What defines a fast-breaking emergency?
A fast-breaking emergency is one where circumstances change both quickly and dramatically, oftentimes in as little as a few seconds or even less. One second everything is normal, but in the next the immediate hazard to people and property becomes significant.
Explosions, hazardous gas leaks, chemical spills and rapidly spreading fires are obvious examples of fast-breaking crises. Earthquakes and tsunamis, such as what occurred in Japan in 2011, also qualify as fast-breaking crises. Others include terrorist attacks, workplace violence and facility security breaches.
Two characteristics generally distinguish a fast-breaking emergency from one requiring a less urgent response. First is the nature of the event. Hurricanes and isolated or contained fires call for a less urgent level of response than an explosion at a chemical plant that demands immediate action.
Secondly comes the amount of warning preceding a possible hazard to people and property. A poisonous leak at a chemical plant, for instance, will most likely demand a more immediate response than storm flooding. Most weather-related emergencies (i.e., hurricanes, flooding, etc.) are accompanied by some degree of official warning, but that is not always the case, as evidenced by recent Midwest tornadoes that still took many forecasters by surprise.
What types of industrial facilities are most vulnerable to a fast-breaking emergency?
Due to the nature of the materials they are dealing with, oil refineries, chemical and petrochemical plants, and facilities that deal with volatile or unstable gases such as propane, or LNG are candidates for a potential fast-breaking crisis resulting from industrial accidents, weather events or terrorist acts.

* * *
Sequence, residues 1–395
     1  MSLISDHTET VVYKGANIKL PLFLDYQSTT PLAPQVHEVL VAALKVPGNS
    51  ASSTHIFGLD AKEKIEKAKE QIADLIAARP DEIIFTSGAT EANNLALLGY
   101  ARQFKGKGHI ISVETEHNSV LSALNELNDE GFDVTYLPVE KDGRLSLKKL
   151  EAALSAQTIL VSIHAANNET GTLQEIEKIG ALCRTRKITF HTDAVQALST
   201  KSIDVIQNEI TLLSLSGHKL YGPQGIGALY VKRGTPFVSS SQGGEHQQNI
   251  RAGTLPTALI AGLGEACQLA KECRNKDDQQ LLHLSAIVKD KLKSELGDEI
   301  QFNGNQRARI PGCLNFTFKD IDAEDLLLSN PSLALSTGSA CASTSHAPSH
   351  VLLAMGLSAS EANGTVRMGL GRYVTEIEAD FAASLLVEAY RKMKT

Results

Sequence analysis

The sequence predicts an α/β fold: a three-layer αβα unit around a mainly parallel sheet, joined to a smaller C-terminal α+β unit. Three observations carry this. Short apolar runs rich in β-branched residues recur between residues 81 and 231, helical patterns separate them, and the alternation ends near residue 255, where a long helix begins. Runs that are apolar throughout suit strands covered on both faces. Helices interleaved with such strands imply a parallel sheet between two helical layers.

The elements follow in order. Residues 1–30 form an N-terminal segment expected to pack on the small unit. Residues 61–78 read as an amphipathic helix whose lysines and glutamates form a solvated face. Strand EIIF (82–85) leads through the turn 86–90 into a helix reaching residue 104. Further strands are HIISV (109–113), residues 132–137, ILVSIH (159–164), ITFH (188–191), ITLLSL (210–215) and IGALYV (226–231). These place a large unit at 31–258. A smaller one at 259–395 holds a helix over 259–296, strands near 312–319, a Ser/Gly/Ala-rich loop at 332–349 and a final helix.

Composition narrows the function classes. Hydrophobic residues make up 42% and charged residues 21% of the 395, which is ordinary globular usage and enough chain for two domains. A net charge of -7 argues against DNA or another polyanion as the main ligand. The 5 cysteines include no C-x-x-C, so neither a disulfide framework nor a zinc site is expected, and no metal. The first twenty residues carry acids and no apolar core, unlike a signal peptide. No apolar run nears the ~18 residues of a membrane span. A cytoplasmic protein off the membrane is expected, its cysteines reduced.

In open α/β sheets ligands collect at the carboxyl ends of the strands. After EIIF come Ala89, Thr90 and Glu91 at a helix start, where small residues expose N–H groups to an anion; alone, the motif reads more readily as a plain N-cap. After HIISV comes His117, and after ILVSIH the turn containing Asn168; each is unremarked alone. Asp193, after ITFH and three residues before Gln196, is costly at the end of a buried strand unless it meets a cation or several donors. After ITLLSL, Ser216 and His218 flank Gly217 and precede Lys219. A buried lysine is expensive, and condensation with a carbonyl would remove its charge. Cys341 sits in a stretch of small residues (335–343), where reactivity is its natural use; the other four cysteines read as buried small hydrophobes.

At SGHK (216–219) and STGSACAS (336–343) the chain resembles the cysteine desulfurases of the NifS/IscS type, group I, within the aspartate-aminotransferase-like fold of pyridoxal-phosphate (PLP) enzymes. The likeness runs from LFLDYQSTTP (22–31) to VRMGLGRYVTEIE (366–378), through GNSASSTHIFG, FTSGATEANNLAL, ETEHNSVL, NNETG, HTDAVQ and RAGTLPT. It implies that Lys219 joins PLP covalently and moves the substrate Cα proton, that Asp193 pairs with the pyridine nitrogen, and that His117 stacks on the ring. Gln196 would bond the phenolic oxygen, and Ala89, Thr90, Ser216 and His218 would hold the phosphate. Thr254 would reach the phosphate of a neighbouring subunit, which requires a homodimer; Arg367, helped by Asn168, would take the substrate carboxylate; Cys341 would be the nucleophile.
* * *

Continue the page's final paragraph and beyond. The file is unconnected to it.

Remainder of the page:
However, there are other issues that extend beyond the hazardous potential of the materials being processed or handled, most notably the location of the facility, and the types of hazardous situation that it may be exposed to. A facility located near a geological fault line should be prepared for the highly unpredictable possibility of an earthquake; while one in the Midwest should be prepared to respond to seasonal tornadoes; and facilities along the coastline should be ready for potential tsunamis and storm surges.
What are some of the more noteworthy examples of fast-breaking emergencies that have affected industrial facilities?
- The 1988 disaster on the Piper Alpha natural gas production platform in the North Sea offers a prime example of a fast-breaking crisis scenario. The explosion and subsequent fires resulted in the deaths of 167 workers. The failure of the rig's automatic fire-containment systems pointed to the need for greater system redundancy, and was among the many changes initiated for future offshore drilling platforms.